This has no flummery about batsmen stealing an advantage. It merely says straightforwardly: “The bowler is permitted, before releasing the ball and provided he has not completed his usual delivery swing, to attempt to run out the non-striker.”
The practice has become known as Mankading since 1947 when Vinoo Mankad of India ran out the Australia batsman, Bill Brown in a Test match after the batsman left his crease. Sri Lanka could easily hide behind the law and the fact that the bowler had already told the batsman about wandering down the pitch, albeit by inches. But there were two ancillary points they might have considered.
Senanayake is embroiled in controversy at present after being reported by the umpires at The Oval in the fourth ODI for a suspect action. He will be independently tested in the next 20 days and although the two events are unconnected, he might have avoided anything contentious. Mathews perhaps felt he had to support him on this. Secondly, in an ODI in Brisbane two years ago, Lahiru Thirimanne was Mankaded by R Ashwin of India. The umpires asked India’s captain for the match, Virender Sehwag, if he wanted the appeal to stand. Sehwag, after discussing it with Sachin Tendulkar, withdrew and Thirimanne stayed to score 63. Batting at the other end that day was Angelo Mathews.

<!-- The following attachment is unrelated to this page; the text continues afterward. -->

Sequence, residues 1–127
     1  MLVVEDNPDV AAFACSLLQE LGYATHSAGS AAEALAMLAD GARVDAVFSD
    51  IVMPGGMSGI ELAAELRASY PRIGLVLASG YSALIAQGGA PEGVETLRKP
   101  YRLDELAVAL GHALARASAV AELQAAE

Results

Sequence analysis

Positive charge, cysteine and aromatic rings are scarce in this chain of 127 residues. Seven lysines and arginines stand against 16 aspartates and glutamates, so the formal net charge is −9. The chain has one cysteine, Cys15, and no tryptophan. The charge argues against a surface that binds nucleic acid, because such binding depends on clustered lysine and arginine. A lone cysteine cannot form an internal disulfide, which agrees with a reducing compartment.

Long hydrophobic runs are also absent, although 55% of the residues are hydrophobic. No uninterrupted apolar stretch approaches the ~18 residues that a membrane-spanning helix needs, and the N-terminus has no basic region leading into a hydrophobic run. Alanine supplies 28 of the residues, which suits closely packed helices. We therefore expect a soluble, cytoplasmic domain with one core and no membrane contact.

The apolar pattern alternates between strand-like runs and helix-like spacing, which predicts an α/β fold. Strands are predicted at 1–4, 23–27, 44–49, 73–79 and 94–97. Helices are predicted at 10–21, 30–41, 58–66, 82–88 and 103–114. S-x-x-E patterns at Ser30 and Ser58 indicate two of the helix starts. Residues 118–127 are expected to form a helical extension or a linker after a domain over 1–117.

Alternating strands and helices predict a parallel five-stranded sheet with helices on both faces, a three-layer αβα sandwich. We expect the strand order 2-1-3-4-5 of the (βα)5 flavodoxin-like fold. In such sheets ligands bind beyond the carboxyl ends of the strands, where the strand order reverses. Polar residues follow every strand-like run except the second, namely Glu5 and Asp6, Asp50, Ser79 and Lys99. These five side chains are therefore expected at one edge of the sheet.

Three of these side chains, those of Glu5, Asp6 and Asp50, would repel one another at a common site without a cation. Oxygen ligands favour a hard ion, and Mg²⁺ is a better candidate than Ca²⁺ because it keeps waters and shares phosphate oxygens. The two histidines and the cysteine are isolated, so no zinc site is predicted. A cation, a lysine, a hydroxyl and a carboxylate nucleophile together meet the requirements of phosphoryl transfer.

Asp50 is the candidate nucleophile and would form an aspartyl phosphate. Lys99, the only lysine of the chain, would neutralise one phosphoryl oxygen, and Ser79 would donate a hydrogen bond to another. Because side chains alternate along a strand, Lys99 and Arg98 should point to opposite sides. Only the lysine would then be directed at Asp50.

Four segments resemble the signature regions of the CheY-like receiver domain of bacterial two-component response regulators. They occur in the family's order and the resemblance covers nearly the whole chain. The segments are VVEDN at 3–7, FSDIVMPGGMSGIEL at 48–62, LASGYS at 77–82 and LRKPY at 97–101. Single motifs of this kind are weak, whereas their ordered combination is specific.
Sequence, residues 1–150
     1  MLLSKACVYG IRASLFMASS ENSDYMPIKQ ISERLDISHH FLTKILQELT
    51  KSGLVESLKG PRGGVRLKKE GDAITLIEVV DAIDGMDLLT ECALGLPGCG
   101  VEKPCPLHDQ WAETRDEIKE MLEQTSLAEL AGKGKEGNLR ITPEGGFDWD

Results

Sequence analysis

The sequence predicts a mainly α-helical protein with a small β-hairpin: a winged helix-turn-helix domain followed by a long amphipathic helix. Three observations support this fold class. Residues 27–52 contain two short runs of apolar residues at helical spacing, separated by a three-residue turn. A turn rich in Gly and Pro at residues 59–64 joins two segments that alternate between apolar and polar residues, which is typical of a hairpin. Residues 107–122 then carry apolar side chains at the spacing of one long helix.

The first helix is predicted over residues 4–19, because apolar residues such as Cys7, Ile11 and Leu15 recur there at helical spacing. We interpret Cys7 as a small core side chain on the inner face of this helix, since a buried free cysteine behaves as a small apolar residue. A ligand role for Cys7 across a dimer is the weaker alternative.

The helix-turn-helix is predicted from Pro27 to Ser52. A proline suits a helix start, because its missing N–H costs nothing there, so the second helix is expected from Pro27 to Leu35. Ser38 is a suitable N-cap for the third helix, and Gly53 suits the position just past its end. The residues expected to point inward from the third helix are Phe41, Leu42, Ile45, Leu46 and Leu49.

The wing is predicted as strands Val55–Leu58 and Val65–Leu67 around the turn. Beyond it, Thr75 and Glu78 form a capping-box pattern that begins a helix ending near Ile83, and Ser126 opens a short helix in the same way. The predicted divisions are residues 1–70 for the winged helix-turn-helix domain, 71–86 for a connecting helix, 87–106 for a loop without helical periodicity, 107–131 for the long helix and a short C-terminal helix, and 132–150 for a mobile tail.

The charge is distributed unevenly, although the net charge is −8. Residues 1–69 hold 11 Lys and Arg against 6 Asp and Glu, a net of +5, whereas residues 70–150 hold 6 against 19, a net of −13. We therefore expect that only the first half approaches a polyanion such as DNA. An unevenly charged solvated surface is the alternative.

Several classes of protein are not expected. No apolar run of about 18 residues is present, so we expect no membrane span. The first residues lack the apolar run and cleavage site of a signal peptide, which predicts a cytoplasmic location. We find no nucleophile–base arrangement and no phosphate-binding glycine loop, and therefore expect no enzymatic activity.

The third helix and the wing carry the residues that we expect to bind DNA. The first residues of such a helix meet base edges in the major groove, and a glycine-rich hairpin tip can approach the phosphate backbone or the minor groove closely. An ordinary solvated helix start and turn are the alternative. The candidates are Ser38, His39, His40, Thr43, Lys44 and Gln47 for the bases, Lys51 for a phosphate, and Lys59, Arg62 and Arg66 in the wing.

Buttler, who still had plenty of time to inflict severe damage on Sri Lanka, will have learned a lesson. But it is also true that if bowlers regularly took advantage of this law, non-strikers would be run out in most matches.
England, who were already suffering from another bout of melancholic batting, could ill afford the loss. They wasted a reasonable start by Alastair Cook and Ian Bell but a series of tame dismissals on a pitch whose lack of pace England underestimated, caused avoidable difficulties.
Bell prodded a return catch to one that held up in the surface, Gary Ballance was undone by another ball that did not come on as he anticipated, Joe Root was caught behind but only after a Sri Lanka review.